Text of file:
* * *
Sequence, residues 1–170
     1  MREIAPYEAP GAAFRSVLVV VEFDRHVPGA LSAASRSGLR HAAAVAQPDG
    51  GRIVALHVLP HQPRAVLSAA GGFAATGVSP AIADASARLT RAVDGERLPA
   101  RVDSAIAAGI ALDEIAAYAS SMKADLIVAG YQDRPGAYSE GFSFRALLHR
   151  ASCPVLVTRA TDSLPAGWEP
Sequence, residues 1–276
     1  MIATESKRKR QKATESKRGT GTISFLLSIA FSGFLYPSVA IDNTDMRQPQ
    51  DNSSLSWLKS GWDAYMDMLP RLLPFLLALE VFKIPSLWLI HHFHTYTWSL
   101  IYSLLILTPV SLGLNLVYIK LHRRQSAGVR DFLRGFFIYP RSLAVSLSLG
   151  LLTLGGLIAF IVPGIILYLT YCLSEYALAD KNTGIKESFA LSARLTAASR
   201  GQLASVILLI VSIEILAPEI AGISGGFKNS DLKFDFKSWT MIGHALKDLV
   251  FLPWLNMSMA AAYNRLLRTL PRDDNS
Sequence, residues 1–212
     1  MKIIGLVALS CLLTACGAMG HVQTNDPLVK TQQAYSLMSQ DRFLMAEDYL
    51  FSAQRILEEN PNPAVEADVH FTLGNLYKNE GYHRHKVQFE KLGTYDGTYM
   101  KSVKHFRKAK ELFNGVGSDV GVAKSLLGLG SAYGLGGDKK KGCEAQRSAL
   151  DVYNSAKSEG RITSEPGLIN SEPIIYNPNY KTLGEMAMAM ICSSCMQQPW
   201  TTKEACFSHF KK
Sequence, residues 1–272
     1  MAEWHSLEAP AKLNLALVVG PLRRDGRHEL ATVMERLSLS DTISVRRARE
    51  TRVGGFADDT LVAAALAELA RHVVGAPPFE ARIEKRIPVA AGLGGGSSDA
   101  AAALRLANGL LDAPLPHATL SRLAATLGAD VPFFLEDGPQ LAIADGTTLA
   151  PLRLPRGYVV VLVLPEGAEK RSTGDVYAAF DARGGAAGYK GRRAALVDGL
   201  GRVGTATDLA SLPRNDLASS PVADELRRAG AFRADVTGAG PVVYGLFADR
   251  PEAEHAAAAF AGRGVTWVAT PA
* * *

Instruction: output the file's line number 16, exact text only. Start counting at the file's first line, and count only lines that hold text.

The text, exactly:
   101  KSVKHFRKAK ELFNGVGSDV GVAKSLLGLG SAYGLGGDKK KGCEAQRSAL